1. I thought I lived in the country when I moved to Charles Town. Turns out I lived in a small town. Not to say others didn’t live in the country just a short distance away, but I was a townie.
2. You thought you’d seen about every insect already in your lifetime. Think again. This has its highs and lows. I’ve never seen more varieties of dragonflies and butterflies, but also ginormous stingy creatures and bugs you can’t even see! I can do without the centipedes climbing out of our drains, too. Spider web production begins the moment you park your car.
3. Once you’ve gotten an infected tick bite, you’ll get vigilant about checking for those suckers.
4. If it can grow, it will. Everywhere. One example: I live in an area that is heavily logged by the timber industry. Vast sections of trees are mowed down, leaving an Armageddon-like landscape in its wake. And yet, the second it’s cleared, plant life begins growing in that same space. I’ve also seen plant life in the middle of the lake on log stumps. Where there’s a will, there’s a way.
5. Wildlife is abundant and a joy to watch. Also, if you give wildlife a good habitat, it will hang out. It sometimes sounds like Jurassic Park out there in the surrounding woods—day or night. And I love the toad serenades that happen every night!
6. It’s d-a-r-k at night. There is no light pollution, and a full moon is pretty epic. You can also see all the stars, just like when I went camping in the mountains as a kid.
7. Aside from the insects, birds and critters—and in our neck of the woods, the occasional military plane flying through—it’s blessedly quiet. We don’t hear traffic, or the constant droning of someone’s lawn mower, leaf blower or snow blower.
8. You can pick your own assortment of wildflowers (or pretty weeds) as they grow in abundance along the sides of the roads.
9. The best fried chicken I’ve ever purchased (not to be confused with the best fried chicken I’ve ever eaten, which my husband makes) happens to be in a tiny roadside store near my house at a place called Granny B’s.
10. The people here are among the nicest I’ve ever met. Strangers start up conversations in the grocery store line, have hopped off their tractor to introduce themselves, and in general, say hello or smile in our comings and goings. Moreover, not only has there been an absence of racial tension in a place with an ugly history, it’s been quite the opposite.
11. We had to cut down three trees in order to get Internet service, and even then, it’s pretty lacking. It’s still a good tradeoff.
12. I may be guilty of a false sense of security, but I feel pretty dang safe out here.
13. The deer here are smart! I’ve seen more deer in a short time living here than I’ve seen in my entire life, and yet they always seem to get out of the way, or turn and run in the safe direction instead of crossing the road, when I approach in my vehicle. If they do cross, you have plenty of time to see them. I’ve seen one deer as road kill. One. I don’t know how else to explain it, other than these four-legged friends are savvy! And one of the best things going about plentiful deer is seeing all the fawns. SO cute!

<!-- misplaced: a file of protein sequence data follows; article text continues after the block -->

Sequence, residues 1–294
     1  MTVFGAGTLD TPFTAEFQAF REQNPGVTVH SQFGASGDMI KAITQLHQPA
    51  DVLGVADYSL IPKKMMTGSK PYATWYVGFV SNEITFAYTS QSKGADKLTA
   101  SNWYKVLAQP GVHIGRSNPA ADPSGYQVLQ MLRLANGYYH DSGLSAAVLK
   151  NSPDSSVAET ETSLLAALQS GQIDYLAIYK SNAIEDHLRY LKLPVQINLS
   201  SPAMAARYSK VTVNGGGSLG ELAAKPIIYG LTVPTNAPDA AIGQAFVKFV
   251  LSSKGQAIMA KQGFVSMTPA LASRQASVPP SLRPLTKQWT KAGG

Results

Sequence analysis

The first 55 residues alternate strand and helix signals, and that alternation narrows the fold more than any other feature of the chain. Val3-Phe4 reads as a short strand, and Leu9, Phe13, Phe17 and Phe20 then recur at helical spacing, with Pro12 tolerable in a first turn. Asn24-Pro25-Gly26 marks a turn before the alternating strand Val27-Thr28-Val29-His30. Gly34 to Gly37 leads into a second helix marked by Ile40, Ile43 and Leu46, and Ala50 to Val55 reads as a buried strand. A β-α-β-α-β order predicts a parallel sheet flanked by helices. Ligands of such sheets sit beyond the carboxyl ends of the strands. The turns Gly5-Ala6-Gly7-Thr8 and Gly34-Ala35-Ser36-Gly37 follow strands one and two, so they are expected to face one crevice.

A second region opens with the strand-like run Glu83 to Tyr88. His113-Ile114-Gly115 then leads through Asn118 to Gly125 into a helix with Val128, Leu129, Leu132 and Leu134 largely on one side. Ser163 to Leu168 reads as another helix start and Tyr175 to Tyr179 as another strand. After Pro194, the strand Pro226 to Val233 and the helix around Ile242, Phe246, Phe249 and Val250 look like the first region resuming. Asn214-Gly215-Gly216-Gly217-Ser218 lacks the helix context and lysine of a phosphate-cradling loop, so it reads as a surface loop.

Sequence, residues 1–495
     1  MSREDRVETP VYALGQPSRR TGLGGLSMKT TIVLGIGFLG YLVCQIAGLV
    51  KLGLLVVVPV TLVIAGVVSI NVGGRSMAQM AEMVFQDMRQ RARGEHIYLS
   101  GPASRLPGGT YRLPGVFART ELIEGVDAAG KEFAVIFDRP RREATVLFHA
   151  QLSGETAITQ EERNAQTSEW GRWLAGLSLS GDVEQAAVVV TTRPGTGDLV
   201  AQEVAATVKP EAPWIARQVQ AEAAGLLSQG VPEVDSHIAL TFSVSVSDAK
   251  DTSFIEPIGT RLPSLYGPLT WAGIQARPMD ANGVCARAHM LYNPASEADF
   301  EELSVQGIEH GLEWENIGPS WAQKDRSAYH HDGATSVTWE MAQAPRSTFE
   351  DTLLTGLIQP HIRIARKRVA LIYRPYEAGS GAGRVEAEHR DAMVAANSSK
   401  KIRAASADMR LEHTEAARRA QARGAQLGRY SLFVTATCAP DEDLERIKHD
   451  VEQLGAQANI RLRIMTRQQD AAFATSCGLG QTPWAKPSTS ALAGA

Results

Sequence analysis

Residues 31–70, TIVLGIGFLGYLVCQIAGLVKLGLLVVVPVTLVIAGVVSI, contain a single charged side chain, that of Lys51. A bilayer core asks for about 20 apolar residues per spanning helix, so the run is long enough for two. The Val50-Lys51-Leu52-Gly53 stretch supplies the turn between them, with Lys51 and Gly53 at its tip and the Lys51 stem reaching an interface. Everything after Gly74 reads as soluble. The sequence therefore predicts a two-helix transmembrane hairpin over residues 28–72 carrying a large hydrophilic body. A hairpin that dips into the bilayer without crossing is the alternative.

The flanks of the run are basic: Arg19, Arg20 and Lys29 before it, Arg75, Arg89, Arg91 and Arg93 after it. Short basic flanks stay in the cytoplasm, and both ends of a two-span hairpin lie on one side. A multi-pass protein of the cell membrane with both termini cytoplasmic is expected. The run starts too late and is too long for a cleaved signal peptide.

14. I’ve also seen more box turtles since living here than I’ve seen in my combined years—and as a result, helped many safely cross the road (sometimes two a day!). It’s prompted me to study up a bit on these doofers.
15. One last thing. My husband was worried about how a former bona fide big city girl was going to do in such a remote location, because country woods living is fairly remote (although I can get to that fried chicken in about ten minutes, and even greater civilization in about twenty or more, so I’m sitting pretty). I wasn’t concerned—I’ve been heading this direction since leaving the big city. I can report I fully embrace it now that I’m here. I’m overjoyed to have lived in such diverse places from big cities, to historic cities, to small towns, to the wooded countryside. I believe humans were meant to be ensconced in nature. The wonder and beauty of it alone resets your cells on a daily basis and reminds us of our place in the world. I’ve told a few people my cells are recalibrating since I got here—it’s the closest I can come to describing it. My biggest takeaway is how important it is for all of us to change our venue from time to time so we can change our perspective and allow it to broaden. You can change things up through moving (preferably not just down the street or across town) and traveling (so many options!). In hindsight, I’m sorry I stayed so long in one place. But with new foresight, I hope I keep nurturing this insight.
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